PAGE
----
Romulus and Remus is located on Richmond Rd. Photo / Babiche Martens

Restaurant Review: Grey Lynn's Romulus And Remus Is A Neighbourhood Crowd-Pleaser

Grey Lynn restaurant Romulus and Remus may not be authentically Roman but it sure hits the spot

ROMULUS AND REMUS
Cuisine: Italian
Address: 551 Richmond Rd, Grey Lynn
Phone: (09) 360 5111
Drinks: Fully licensed
Reservations: Accepted
From the menu: Cannellini dip $7; eggplant chips $7; vitello tonnato $17; Caprese $17; scallop pappardelle $22; Osso buco $22
Rating: 15/20
Score: 0-7 Steer clear. 8-12 Disappointing, give it a miss. 13-15 Good, give it a go. 16-18 Great, plan a visit. 19-20 Outstanding, don't delay.

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I'd be so happy if Auckland had a restaurant specialising in food from Rome, but this is not it. Instead Romulus and Remus, named for the founders of that great city, offers a sort of pan-Italian menu that is good enough in its own way.

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Take the cannellini bean starter — Romans definitely eat beans but they're more likely to come whole, in a little bowl on the side of your pizza, than pureed into a kind of hummus as they are here in Grey Lynn.

The chef loads them up with all kinds of high-impact condiments — red onion, tomato, capers and white anchovies — which makes the dish taste incredible but those last two ingredients aren't usually seen within 200 kilometres of the Vatican.

There are multiple dining areas to cater for smaller or larger groups. Photo / Babiche Martens

The eggplant chips were cool — you want standard potato-based chips to be crunchy on the outside and the opposite within, and aubergine is a pretty perfect vehicle to achieve that. But (I say "but" — in fact it was delicious) it was served with fennel seed whipped-feta which is definitely not a Roman thing. Does any of this matter?

Not to your enjoyment of the meal but it means this will at best be a delicious neighbourhood crowd-pleaser rather than a deeply authentic kitchen that just happens to be in a residential suburb (like, say, Ponsonby's Cocoro or Ellerslie's Mexican Specialties).

There's a good stack of Italian wines out back and they mostly work well. They say that half an hour before a dinner party you should take the whites out of the fridge and put the reds in, which would have been good advice on this warm February night — my red, a Sicilian Nero D'Avolo, was the temperature of the Tepid Baths.

Caprese salad and vitello tonnato. Photo / Babiche Martens

I should have stuck with the white Grillo, which was from the same island and a perfect crisp foil for the fried and mouth-puckering starters.

New Zealand, do we need to talk about Caprese salads? It feels like they're on just about every menu but I can't remember ever eating a good one. I think it's a problem with our tomatoes, which don't get enough ripening time in the sun to work in a dish of this kind.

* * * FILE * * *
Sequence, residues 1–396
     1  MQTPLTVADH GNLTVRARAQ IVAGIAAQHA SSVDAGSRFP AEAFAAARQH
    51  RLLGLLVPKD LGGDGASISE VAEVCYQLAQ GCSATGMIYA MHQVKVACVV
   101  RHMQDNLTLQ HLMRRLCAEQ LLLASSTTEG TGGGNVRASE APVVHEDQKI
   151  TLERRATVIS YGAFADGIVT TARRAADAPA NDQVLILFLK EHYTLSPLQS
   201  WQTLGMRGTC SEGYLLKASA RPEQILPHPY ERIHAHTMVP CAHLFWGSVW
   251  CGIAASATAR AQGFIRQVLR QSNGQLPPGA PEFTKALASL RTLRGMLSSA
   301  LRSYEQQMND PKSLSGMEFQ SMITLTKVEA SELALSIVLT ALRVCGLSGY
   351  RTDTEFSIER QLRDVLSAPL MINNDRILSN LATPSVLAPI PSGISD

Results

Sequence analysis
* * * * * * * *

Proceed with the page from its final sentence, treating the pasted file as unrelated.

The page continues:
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A good Italian Caprese is an energetic threesome, each participant doing its best to impress and justify its place in the entanglement. But the New Zealand tomato is a lazy lovemaker, out of shape and insipid, bringing out the worst bland aspects of the mozzarella so that all you remember is the basil.

So, like lean cuts of lamb, I'm going to stop ordering it and stop complaining about it. If you think you have a Caprese to change my mind, feel free to let me know.

The cheesecake. Photo / Babiche Martens

A vitello tonato (thin-sliced poached beef with tuna sauce, and generally better than it sounds) was a little mild for me as well but the chef was back on form with the mains, in particular a pappardelle which was perfectly cooked and super-generous, jewelled with plump, roe-on scallops that made you pleased to live in New Zealand.

My osso buco (a cross-section of beef shin braised slowly on the bone) was not quite as fall-apart, melt-in-your-mouth tender as you might expect for a long-cook cut but it was good once you got used to the chewing. The highlight of the dish was actually underneath, a saffron risotto that was unmistakably coloured and flavoured by that famously expensive spice.

Like the scallops it was an act of generosity that showed the chef is here for the food, rather than the bottom line.

Romulus and Remus is designed for causal eating and drinking. Photos / Babiche Martens

I have a small complaint about the service which is that it's a sharing menu, but not advertised as such. So things come in an unexpected order and you can end up trying to wolf down one thing before the other goes cold. But it's a small point, and easily fixed with a bit more info from the staff when you first sit down.

The restaurant has been open for a few months, and has it been busy? "Too busy!" reckons the waiter, who nonetheless never kept us waiting for any length of time.

Refreshingly, they seem to have someone focusing entirely on the drinks, so that the guy you're waiting to order dessert from will never get stuck at the bar making somebody's white Negroni.

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They deserve their success, which I'd say is mostly about the vibe and the food, and partly because they've opened up in a suburb where capital gains have been good and everybody's run out of ways to upgrade their house. Lilian down the road is flat-out too, but they're a bit cooler there.

Romulus and Remus is for people who want to eat well but don't want to feel self-conscious about their un-tattooed skin. And it's relatively cheap, leaving plenty of cash in the revolving account to buy that home sauna you've been eyeballing.

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